By Kiply Lukan Yaworski, Catholic Saskatoon News
A Discernment Circle that has been meeting since March in the Roman Catholic Diocese of Saskatoon has formally announced its vision for local participation in a national Indigenous Reconciliation Fund established by the Catholic Bishops of Canada for healing and reconciliation projects.
In a celebration at Queen’s House of Retreat and Renewal in Saskatoon on Friday July 15, 2022, Discernment Circle members unveiled a covenant statement that articulates the spirit, intent, and commitments of the initiative to invite and propose local reconciliation and healing projects to be supported by the national Indigenous Reconciliation Fund.
Catholic TRC Healing Response diocesan fund: LINK
Discernment Circle co-chair Dr. Gordon Martell
The covenant statement is grounded in the context of the Truth and Reconciliation Commission of Canada’s Calls to Action and the United Nations Declaration of Rights of Indigenous Peoples. It also references the ancient biblical concept of “right relationship” with the One God and Creator, with all peoples, with the Land and all Creation; as well as the Indigenous nehiyaw principle of miyo-wîcêhtowin, or “possessing good relations founded in relationship among people, the sacred laws, and the Creator.”
“Our covenant statement describes how we will stand together in hope and action as we speak and share, so that others may come forward as we all continue the healing journey,” said Discernment Circle co-chair Dr. Gordon Martell, superintendent of education with Greater Saskatoon Catholic Schools.
“Launching and celebrating this vision is another step on that journey. We have great hope for the projects and initiatives that will eventually unfold because of this step,” he said.
Discernment Circle members and guests gathered for a liturgy July 15 to celebrate and launch a covenant statement articulating the Circle’s vision for supporting projects through the Catholic TRC Healing Response fund. (Photos by Kiply Lukan Yaworski, Catholic Saskatoon News)
The outdoor celebration on the banks of the South Saskatchewan River July 15 opened with a welcome and land acknowledgement by MaryAnne Morrison, a member of the Discernment Circle who also serves on the Diocesan Council for Truth and Reconciliation, followed by a smudging ceremony and drum song by Elmer Tootoosis, and an opening prayer by Saskatoon Bishop Mark Hagemoen.
“We pray that You will continue to send your Great Holy Spirit upon the members of this Circle and all peoples, as we hear Your call to us to a true unity that also honours diversity, a true harmony that also realizes the great diversity of gifts and of spiritual ways,” said Bishop Hagemoen in his opening prayer. “We especially acknowledge the spiritual ways of the Cree and other Indigenous and Métis people that are part of this land and territory.”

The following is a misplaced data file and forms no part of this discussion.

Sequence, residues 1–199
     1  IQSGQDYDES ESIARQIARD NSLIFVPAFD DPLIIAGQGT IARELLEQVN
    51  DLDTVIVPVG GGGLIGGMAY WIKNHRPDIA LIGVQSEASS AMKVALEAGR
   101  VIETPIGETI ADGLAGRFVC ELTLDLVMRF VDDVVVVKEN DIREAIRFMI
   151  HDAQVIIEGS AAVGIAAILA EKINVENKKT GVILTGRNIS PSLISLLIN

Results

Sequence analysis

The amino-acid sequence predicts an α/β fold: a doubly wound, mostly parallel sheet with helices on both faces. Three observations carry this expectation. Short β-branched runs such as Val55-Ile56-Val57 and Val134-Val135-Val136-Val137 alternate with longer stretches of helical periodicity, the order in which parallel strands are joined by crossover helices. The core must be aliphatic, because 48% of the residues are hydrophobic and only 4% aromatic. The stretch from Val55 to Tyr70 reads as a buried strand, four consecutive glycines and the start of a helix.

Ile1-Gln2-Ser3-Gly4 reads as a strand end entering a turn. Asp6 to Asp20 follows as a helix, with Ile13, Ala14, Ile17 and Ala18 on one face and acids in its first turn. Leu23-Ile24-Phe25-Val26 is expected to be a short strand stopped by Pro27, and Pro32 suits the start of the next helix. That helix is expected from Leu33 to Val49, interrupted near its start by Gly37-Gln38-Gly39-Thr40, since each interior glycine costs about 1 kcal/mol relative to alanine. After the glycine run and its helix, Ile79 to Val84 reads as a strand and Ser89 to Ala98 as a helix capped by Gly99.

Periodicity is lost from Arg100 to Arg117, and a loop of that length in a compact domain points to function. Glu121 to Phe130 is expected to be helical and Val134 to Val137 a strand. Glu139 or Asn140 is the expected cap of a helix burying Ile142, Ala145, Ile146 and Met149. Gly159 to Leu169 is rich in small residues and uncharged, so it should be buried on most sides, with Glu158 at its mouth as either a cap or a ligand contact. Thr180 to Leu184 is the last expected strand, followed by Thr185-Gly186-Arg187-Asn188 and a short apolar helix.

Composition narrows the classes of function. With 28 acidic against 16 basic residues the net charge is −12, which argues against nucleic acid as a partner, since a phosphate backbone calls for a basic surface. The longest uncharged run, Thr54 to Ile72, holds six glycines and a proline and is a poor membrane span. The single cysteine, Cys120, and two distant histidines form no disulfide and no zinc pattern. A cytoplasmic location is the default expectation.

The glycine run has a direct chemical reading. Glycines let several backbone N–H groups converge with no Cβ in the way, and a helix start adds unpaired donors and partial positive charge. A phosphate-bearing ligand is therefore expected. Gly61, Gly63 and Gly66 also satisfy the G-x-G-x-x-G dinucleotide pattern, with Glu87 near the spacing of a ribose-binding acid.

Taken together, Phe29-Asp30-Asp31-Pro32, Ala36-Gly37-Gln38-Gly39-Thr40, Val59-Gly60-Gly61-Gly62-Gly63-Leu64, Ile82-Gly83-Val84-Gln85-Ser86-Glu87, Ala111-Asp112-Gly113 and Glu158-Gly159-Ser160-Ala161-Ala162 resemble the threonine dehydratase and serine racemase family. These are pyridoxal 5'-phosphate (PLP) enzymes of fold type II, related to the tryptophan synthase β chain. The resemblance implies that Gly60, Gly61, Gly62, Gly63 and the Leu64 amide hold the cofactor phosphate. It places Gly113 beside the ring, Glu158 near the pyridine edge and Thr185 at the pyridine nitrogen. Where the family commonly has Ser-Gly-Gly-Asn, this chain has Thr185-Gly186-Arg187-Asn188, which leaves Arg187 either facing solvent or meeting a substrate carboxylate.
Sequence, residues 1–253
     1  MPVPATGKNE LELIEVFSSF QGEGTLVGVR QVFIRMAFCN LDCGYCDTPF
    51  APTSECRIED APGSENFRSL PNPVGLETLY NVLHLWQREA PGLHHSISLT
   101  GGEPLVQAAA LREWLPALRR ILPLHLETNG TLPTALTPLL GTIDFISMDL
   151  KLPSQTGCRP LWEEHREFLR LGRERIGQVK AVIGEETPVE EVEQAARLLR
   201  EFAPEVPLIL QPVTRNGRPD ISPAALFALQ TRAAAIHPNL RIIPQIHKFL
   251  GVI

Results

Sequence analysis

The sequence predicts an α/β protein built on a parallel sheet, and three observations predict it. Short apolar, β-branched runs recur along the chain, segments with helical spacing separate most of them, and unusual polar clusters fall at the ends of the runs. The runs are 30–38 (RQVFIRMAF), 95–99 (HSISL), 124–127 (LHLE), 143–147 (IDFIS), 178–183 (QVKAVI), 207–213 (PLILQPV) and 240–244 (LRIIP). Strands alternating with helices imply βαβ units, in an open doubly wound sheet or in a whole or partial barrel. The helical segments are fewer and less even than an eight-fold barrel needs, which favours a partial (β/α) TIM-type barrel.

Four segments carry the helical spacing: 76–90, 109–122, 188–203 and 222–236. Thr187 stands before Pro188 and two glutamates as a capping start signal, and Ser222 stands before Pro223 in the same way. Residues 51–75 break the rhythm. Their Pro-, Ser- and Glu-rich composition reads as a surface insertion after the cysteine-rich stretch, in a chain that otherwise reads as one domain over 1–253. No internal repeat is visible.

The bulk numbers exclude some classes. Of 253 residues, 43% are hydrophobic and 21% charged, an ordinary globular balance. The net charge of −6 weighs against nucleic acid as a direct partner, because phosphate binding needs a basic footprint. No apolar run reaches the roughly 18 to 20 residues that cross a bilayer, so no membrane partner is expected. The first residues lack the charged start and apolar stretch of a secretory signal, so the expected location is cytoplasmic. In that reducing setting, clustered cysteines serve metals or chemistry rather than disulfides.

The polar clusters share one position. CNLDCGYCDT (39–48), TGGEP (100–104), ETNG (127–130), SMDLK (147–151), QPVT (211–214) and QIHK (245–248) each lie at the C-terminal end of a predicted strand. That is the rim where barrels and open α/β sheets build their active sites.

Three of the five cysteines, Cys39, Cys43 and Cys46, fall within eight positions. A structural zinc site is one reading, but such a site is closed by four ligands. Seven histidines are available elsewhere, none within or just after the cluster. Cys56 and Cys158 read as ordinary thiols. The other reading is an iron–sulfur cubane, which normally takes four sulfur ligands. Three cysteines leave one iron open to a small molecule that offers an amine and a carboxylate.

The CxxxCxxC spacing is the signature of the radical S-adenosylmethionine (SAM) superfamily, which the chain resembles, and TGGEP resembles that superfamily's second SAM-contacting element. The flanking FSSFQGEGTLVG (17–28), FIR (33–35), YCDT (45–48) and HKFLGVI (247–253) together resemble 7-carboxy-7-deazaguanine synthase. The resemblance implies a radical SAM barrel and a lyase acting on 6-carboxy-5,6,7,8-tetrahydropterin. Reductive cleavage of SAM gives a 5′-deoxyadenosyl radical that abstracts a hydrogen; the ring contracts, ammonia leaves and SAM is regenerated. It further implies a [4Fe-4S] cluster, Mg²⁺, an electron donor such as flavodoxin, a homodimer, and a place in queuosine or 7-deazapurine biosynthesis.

Discernment Circle members Carol Zubiak and Sandra Harper (l-r) participate in the July 15 liturgy to launch the groups covenant statement.
Circle member Carol Zubiak of the diocesan Justice and Peace Commission proclaimed scripture readings from Ezekiel 11:19 and Hebrews 8:8-12. Circle member Deacon Harry Lafond of Muskeg Lake First Nation – who also provides pastoral ministry in the Diocese of Prince Albert – offered a reflection during the outdoor liturgy.
Covenant is about total commitment, Lafond said, similar to the covenant that exists in a marriage. “We are aspiring in our diocese to work towards that 100 per cent commitment for all of us… to understand how we are all related, and to move forward in a holy way, a sacred way, with God as our witness and God as our guide and God as our support system.”
Deacon Lafond added that this is about “moving forward and looking to the generations that follow us, and teaching those generations the importance of covenant… to celebrate the diversity of who we are as Canadians, who we are as Catholics, and who we are as community and family,” he added.
“It is a journey, it is not an event,” he said.
Circle members Deacon Harry Lafond and Cecile Smith
Members of the Discernment Circle then proclaimed the covenant statement, before offering up their intercessory prayers. The event concluded with a sign of peace, a closing prayer and a blessing from the bishop, followed by a round dance and a social gathering.
We – the people of our One Creator tasked with coming together to discern and facilitate local projects and initiatives on behalf of the Roman Catholic Diocese of Saskatoon – enter into and commit to this Covenant, which finds its meaning in the ancient biblical concept of right relationship with the One God and Creator, with all people, with the Land and all of Creation; and in the nehiyaw principle of miyo-wîcêhtowin, or possessing good relations founded in relationship among people, the sacred laws, and the Creator.
This Covenant is also inspired by the spirit of the Truth and Reconciliation Commission of Canada’s Calls to Action, and the United Nations Declaration of the Rights of Indigenous Peoples.
Under the guidance of the Great Holy Spirit, we shall seek to respect and nurture healing and right relationship between all peoples – Indigenous and non-Indigenous – and to celebrate, honour, and share cultural histories and be faithful stewards of the spiritual and temporal gifts that the Creator has entrusted to us – as established by the founding treaty relationships among our peoples.
Our motivation and meaning will also feature humility and the journey from apology to reconciliation (see Psalm 51:17; Isaiah 57: 17). It will be celebrated in ceremony and ritual.